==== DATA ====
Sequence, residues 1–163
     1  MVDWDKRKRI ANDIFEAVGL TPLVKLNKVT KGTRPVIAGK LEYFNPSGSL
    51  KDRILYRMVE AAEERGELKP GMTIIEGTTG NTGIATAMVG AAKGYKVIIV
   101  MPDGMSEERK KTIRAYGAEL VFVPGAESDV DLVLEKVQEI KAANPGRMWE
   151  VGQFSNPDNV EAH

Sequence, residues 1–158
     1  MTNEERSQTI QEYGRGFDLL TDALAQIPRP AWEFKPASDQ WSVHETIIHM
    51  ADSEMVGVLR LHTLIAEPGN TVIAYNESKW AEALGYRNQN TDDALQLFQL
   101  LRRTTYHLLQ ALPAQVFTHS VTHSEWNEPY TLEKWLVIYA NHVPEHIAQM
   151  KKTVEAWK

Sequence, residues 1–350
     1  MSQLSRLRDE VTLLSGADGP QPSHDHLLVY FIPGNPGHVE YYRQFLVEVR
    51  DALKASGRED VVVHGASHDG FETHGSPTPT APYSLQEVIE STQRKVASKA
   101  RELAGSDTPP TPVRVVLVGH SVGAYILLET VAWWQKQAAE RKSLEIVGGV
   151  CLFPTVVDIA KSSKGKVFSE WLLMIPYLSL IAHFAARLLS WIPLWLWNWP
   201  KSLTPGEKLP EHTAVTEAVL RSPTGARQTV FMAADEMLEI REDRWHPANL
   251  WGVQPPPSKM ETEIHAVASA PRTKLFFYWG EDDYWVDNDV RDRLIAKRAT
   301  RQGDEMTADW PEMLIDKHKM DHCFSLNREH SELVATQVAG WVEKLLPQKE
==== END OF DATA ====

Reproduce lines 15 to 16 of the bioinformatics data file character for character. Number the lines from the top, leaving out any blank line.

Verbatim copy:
   151  CLFPTVVDIA KSSKGKVFSE WLLMIPYLSL IAHFAARLLS WIPLWLWNWP
   201  KSLTPGEKLP EHTAVTEAVL RSPTGARQTV FMAADEMLEI REDRWHPANL